What can we expect to see in terms of matchups? Well, the Lakers struggle with quick point guards, and Derrick Rose is the quickest in the league. He should have no problem abusing whoever the Lakers have to defend him. The Lakers will win games this season because of their great size, but the Bulls have plenty of size to push back with in Joakim Noah and Omer Asik off the bench, and Andrew Bynum will be serving the first of a four game suspension anyways. The Bulls have tremendous depth, with 11 players who played nearly 1000 minutes or more last season. Nine of those players have returned, and Rip is sure to be number 10, so the Bulls undoubtedly go at least 10 deep. The Lakers might be forced to play that many players as well, but it's hard to imagine the Laker bench being able to stand up to their counterparts today. Which means its up to Kobe and Pau
and Drew. The one area the Lakers have an advantage over the Bulls is in sheer star power. If Kobe can be the dominant force he is accustomed to being, if Pau can be the incredibly efficient post presence we always need him to be, the Lakers will have a good chance of victory. It is for those reasons, with another 7 feet, 300 pounds worth of reasons yet to come, that will make the Lakers have a good chance of victory at all times this season. But a good chance is a far cry from an expected result.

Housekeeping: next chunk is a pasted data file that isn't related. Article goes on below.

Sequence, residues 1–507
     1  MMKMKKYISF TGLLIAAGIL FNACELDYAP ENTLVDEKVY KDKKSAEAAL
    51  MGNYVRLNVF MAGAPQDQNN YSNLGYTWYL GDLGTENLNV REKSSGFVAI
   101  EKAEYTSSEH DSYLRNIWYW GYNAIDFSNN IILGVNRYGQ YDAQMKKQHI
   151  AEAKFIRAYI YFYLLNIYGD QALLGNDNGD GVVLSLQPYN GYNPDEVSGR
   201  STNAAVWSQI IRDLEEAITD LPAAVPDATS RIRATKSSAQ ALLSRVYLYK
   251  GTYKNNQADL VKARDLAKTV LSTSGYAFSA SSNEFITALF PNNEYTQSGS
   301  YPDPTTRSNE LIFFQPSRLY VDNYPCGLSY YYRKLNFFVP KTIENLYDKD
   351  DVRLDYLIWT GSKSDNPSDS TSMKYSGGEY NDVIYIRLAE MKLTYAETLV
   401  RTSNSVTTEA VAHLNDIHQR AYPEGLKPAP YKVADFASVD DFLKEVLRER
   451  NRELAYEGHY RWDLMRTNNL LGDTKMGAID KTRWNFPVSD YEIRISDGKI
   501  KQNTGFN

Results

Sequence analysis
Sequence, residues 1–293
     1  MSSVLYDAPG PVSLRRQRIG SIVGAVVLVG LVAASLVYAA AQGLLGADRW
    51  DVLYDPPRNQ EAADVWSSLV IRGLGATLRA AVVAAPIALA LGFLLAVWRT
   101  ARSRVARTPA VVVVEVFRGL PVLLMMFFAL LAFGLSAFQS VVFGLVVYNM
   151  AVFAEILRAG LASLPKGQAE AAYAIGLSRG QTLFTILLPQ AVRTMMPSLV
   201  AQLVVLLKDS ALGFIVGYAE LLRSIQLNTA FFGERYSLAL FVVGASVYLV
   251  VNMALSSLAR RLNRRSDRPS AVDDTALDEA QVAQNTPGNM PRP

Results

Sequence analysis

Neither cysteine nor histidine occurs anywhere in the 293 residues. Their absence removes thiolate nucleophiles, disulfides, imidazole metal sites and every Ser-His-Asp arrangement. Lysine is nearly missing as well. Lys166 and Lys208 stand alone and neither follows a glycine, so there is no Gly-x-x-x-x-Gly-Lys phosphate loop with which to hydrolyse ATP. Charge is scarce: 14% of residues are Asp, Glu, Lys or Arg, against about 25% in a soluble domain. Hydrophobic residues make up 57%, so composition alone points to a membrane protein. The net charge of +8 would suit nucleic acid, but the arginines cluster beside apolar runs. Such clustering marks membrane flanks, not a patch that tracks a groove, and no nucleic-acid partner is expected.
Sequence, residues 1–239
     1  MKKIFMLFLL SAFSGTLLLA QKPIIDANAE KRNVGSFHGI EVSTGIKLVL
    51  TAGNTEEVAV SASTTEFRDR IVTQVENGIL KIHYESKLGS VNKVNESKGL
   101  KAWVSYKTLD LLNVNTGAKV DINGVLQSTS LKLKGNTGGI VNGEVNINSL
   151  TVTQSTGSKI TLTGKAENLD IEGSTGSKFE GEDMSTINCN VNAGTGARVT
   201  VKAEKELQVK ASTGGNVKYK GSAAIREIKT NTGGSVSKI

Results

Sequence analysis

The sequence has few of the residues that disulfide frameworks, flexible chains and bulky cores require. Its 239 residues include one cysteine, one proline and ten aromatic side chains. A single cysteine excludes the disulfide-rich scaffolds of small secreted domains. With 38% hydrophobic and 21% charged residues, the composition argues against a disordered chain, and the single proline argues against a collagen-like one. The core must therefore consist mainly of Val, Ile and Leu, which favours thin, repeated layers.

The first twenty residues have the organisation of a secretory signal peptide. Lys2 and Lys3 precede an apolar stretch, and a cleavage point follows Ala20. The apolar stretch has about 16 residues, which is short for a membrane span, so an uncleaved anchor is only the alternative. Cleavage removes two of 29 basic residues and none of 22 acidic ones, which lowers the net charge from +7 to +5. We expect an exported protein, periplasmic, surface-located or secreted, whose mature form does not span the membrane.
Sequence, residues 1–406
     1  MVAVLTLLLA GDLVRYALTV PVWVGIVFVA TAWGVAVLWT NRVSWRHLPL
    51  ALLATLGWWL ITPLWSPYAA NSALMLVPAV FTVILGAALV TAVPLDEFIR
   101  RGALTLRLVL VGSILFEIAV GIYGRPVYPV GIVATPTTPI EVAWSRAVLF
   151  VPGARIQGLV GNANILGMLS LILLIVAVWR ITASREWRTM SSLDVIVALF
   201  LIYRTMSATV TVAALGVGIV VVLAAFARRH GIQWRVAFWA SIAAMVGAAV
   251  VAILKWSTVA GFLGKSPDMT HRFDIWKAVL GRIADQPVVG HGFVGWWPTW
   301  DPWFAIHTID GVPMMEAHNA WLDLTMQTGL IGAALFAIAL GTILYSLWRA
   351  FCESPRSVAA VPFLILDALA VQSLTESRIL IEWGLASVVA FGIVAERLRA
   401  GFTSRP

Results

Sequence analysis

By record, the Bulls were the best team in the league last season and another year only helps the roster that was assembled only a season ago to gel. Another year's experience for Rose, another year knowing Tom Thibodeau's defense from the start, and no glaring hole in the roster, now that they have a legit offensive threat manning the off guard spot ... there can be no doubt that the Bulls got better. There can be no doubt that the Lakers got worse. The only question to be asked now is whether all those facts will come together, whether the Bulls can take their intangible improvements and turn it into a tangible result. For the first time in years, we can honestly say the Lakers will start the season against a better team. Does that mean the Lakers will lose?
Finally, we have a question that won't take so fucking long to answer.